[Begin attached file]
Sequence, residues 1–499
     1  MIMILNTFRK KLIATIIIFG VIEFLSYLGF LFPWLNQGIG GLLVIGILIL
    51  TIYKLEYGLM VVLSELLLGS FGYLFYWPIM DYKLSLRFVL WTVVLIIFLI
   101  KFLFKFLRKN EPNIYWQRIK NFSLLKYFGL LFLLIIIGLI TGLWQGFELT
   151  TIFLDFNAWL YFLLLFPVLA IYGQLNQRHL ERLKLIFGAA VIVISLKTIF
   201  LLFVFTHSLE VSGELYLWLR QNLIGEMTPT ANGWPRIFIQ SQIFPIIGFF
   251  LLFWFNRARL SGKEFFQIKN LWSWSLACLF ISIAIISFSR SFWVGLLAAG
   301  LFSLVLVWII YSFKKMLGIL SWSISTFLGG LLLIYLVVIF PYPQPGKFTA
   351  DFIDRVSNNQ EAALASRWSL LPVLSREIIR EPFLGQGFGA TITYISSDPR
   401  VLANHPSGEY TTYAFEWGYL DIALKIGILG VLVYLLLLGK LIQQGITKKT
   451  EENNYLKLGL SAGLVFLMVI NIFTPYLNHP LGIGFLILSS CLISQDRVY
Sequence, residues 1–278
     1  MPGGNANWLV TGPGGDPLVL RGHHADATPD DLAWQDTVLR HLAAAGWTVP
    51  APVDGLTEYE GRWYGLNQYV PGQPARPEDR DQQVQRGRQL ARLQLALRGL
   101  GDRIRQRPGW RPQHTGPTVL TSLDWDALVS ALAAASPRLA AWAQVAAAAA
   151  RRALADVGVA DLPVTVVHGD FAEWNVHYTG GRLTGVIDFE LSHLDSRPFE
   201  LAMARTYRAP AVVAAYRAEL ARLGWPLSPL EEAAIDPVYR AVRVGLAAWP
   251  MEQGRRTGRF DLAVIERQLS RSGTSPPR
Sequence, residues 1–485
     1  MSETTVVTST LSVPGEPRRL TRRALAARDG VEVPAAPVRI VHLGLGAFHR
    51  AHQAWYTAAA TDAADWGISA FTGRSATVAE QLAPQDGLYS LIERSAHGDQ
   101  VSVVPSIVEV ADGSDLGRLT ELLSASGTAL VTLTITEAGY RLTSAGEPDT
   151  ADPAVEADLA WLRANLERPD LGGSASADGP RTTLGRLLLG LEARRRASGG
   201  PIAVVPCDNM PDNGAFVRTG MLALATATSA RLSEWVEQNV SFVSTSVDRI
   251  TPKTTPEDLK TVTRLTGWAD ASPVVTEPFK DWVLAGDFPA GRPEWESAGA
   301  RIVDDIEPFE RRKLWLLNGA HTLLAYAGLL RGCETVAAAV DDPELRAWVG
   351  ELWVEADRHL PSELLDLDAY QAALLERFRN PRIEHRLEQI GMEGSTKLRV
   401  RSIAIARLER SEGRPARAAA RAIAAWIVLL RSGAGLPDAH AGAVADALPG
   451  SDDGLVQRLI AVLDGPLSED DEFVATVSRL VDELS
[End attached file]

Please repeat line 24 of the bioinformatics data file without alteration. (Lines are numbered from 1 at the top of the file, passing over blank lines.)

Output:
   201  PIAVVPCDNM PDNGAFVRTG MLALATATSA RLSEWVEQNV SFVSTSVDRI